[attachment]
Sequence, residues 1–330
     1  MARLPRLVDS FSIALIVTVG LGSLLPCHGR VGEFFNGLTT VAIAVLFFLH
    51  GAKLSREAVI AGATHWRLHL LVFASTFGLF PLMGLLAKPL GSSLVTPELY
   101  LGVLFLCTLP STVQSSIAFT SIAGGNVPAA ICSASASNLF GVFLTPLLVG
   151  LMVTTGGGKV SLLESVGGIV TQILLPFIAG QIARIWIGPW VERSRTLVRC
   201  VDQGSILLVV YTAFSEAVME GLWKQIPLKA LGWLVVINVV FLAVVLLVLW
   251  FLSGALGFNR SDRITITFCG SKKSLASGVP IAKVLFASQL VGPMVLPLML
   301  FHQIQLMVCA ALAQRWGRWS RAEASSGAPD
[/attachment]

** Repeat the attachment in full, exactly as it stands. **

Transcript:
Sequence, residues 1–330
     1  MARLPRLVDS FSIALIVTVG LGSLLPCHGR VGEFFNGLTT VAIAVLFFLH
    51  GAKLSREAVI AGATHWRLHL LVFASTFGLF PLMGLLAKPL GSSLVTPELY
   101  LGVLFLCTLP STVQSSIAFT SIAGGNVPAA ICSASASNLF GVFLTPLLVG
   151  LMVTTGGGKV SLLESVGGIV TQILLPFIAG QIARIWIGPW VERSRTLVRC
   201  VDQGSILLVV YTAFSEAVME GLWKQIPLKA LGWLVVINVV FLAVVLLVLW
   251  FLSGALGFNR SDRITITFCG SKKSLASGVP IAKVLFASQL VGPMVLPLML
   301  FHQIQLMVCA ALAQRWGRWS RAEASSGAPD